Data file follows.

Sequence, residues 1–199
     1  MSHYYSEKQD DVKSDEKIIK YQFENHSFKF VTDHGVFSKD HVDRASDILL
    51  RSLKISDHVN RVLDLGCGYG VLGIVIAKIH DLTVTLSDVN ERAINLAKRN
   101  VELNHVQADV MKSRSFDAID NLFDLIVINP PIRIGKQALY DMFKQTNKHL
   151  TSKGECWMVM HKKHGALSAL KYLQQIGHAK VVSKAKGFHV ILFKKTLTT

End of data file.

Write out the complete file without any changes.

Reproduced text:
Sequence, residues 1–199
     1  MSHYYSEKQD DVKSDEKIIK YQFENHSFKF VTDHGVFSKD HVDRASDILL
    51  RSLKISDHVN RVLDLGCGYG VLGIVIAKIH DLTVTLSDVN ERAINLAKRN
   101  VELNHVQADV MKSRSFDAID NLFDLIVINP PIRIGKQALY DMFKQTNKHL
   151  TSKGECWMVM HKKHGALSAL KYLQQIGHAK VVSKAKGFHV ILFKKTLTT